WP 179 was revised in September 2018. It was originally released in June 2017
Citation: Eric Parsons, Cory Koedel, Li Tan (2018). Accounting for Student Disadvantage in Value-Added Models (Update). CALDER Working Paper No. 179
We use statewide data from Massachusetts to investigate teacher performance evaluations as a measure of teaching effectiveness. Consistent with prior research, we find that assignment to lower achieving classrooms reduces teachers’ performance ratings. But after adjusting for these and other observable differences between classroom assignments, we show that regression-adjusted performance measures can reliably predict future evaluation ratings as teachers move across grades and subjects within the same school. However, we also document substantial unexplained variation in ratings across schools and districts in the state. In particular, districts vary substantially both in the extent to which they differentiate between teachers and in the sensitivity of performance ratings to differences in teacher effectiveness as measured by value added. As a result, even after regression adjustment, teacher evaluation ratings generally provide unreliable predictions of future teacher evaluations after teachers switch schools. These findings suggest that policymakers and researchers should use caution in using performance evaluation ratings to make comparisons between teachers in different contexts.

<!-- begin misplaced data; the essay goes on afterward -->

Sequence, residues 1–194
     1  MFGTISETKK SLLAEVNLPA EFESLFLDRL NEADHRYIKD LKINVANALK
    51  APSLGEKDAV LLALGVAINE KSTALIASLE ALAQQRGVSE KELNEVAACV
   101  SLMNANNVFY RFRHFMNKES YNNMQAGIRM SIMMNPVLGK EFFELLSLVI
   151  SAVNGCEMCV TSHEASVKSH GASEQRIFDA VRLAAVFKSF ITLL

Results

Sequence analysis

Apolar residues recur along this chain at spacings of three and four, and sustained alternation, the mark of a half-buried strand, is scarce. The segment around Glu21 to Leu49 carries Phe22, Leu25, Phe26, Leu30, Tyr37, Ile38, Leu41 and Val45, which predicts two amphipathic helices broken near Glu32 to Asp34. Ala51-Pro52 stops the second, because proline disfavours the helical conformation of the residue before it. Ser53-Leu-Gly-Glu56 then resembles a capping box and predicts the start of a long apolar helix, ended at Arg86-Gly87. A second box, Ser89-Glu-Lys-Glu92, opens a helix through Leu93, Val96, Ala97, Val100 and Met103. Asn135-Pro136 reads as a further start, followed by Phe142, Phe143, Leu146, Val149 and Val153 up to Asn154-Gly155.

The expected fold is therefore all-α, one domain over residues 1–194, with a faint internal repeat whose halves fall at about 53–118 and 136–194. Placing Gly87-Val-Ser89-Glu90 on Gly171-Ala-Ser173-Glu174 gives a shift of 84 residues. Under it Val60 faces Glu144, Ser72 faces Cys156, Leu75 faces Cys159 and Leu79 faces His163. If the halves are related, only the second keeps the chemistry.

WP 197-0618-1 was originally released in June 2018. An updated version (WP 197-0618-2) was released in August 2020.
Citation: James Cowan , Dan Goldhaber, Roddy Theobald (2018). Performance Evaluations as a Measure of Teacher Effectiveness when Standards Differ: Accounting for Variation across Classrooms, Schools, and Districts. CALDER Working Paper No. 197-0618-2
Few studies examine employee responses to layoff-induced unemployment risk; none that we know of quantify the impact of job insecurity on individual employee productivity. Using data from the Los Angeles Unified School District and Washington State during the Great Recession, we provide the first evidence about the impact of the layoff process on teacher productivity. In both sites we find that teachers impacted by the layoff process are less productive than those who do not face layoff-induced job threat. LAUSD teachers who are laid off and then rehired to return to the district are less productive in the two years following the layoff. Washington teachers who are given a reduction-in-force (RIF) notice and are then not laid off have reduced effectiveness in the year of the RIF. We argue that these results are likely driven by impacts of the layoff process on teachers’ job commitment and present evidence to rule out alternate explanations.
WP 140 was revised in March 2018. It was originally released in November 2015.
Citation: Katharine O. Strunk, Dan Goldhaber, David S. Knight, Nate Brown (2018). Are There Hidden Costs Associated With Conducting Layoffs? The Impact of RIFs and Layoffs on Teacher Effectiveness. CALDER Working Paper No. 140